*r*(i.e., departure from Gaussian statistics is most pronounced for small scales in the flow), which is in agreement with most previous observations and theory describing turbulent high-Reynolds-number flow (Frisch 1995). The pdfs of the finest-resolution simulation (run D) exhibit the broadest tails, while in the coarse simulation (run A) the pdf tails level-off in a concave shape indicating truncation caused by the SGS model. From the spectral analysis (section 4c), the inertial range for this mesh size (128

^{2}× 64) is very narrow and hardly follows conventional scaling. Vertical velocity exhibits the largest non-Gaussianity, in agreement with visual inspection of the smallest scales in the instantaneous horizontal slices of vertical velocity in Figs. 7 and 8. Finally, the most non-Gaussian velocity increments in run A occurs at

*z*/

*z*

_{i}~ 0.5 compared to at

*z*/

*z*

_{i}~ 0.1 for run D, which results from higher-resolution supporting a broader inertial range due to the large turbulent scales of motion present at

*z*/

*z*

_{i}~ 0.5.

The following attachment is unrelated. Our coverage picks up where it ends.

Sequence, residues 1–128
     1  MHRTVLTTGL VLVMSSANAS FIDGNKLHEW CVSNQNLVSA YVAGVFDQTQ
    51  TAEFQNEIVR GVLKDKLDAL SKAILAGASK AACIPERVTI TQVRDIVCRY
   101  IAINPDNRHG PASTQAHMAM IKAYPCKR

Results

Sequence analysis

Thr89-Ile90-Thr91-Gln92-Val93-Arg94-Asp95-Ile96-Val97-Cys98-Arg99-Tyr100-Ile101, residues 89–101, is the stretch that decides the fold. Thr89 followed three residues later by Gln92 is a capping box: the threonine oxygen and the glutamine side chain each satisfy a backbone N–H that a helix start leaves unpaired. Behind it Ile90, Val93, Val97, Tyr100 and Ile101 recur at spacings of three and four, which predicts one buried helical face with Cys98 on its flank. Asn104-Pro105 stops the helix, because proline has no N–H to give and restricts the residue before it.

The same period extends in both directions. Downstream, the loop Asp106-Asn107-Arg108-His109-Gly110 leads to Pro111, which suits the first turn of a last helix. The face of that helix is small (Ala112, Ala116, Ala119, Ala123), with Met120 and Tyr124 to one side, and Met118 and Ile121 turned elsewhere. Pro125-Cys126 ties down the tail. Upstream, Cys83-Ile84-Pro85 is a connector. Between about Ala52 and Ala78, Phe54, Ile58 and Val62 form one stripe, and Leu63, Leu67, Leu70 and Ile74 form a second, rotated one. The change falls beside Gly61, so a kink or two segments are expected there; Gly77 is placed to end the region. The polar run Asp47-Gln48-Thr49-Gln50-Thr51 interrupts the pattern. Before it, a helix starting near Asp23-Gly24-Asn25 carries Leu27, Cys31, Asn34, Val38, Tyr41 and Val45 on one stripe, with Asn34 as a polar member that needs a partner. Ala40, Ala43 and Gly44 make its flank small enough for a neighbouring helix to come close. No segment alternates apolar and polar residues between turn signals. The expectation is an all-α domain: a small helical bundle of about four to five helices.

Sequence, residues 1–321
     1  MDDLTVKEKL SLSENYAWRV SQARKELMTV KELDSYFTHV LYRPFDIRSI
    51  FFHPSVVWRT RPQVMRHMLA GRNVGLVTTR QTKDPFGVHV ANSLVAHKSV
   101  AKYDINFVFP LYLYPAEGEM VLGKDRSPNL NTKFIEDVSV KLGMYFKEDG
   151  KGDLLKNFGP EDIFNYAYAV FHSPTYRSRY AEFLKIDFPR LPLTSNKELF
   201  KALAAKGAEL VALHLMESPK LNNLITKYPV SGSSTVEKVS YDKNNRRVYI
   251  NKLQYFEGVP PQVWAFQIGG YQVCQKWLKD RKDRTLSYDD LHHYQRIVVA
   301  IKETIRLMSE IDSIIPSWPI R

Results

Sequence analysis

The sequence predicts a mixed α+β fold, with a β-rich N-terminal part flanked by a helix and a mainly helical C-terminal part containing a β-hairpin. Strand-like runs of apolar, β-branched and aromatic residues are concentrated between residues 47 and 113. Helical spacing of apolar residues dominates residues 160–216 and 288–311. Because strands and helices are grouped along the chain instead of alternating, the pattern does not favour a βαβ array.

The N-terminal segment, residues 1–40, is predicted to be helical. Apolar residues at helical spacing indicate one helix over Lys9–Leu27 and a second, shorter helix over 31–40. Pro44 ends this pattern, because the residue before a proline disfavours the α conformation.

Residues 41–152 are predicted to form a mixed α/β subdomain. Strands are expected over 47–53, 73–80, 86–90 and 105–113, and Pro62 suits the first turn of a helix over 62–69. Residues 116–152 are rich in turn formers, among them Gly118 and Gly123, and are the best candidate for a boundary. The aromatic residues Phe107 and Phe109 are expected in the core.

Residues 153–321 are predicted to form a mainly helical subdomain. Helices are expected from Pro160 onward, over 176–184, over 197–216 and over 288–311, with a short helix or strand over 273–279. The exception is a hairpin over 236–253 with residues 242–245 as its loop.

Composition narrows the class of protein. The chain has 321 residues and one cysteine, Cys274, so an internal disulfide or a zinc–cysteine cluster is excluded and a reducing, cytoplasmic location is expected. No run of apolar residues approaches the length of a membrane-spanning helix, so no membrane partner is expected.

Defining the structure function of *n*th order as ensemble averages *δw*^{n}(*r*)⟩ for the streamwise and vertical components, respectively, the third and fourth normalized moments (i.e., skewness Sk and kurtosis *K*), are given by *exact result* in turbulence theory (i.e., the “−4/5” law Frisch 1995); however, the constant (i.e., 4/5) is not reproduced by our LES (not shown). Skewness is more negative for the streamwise velocity component compared to the vertical component. For all resolutions and at both heights, skewness approaches zero for large values of the horizontal separation distance *r* for both streamwise and vertical velocity components. Velocity skewness and kurtosis show subtle mesh dependency for both streamwise and vertical velocity components at both heights. Vertical velocity reveals the largest kurtosis occurring at *z*/*z*_{i} ~ 0.5; where mesh dependence between runs C and D is again very small at *z*/*z*_{i} ~ 0.5. For large *r*, the vertical component is slightly super-Gaussian with a kurtosis just above a value of 3, while the streamwise component at similar *r* are below 3 (i.e., sub-Gaussian at *z*/*z*_{i} ~ 0.1 and closer to Gaussian at *z*/*z*_{i} ~ 0.5); Stevens et al. (2014) found similar results. Also evident in the plots are the decreasing distance with increasing resolution at which both skewness and kurtosis depart from their near-Gaussian state (i.e., Sk ~ 0 and *K* ~ 3).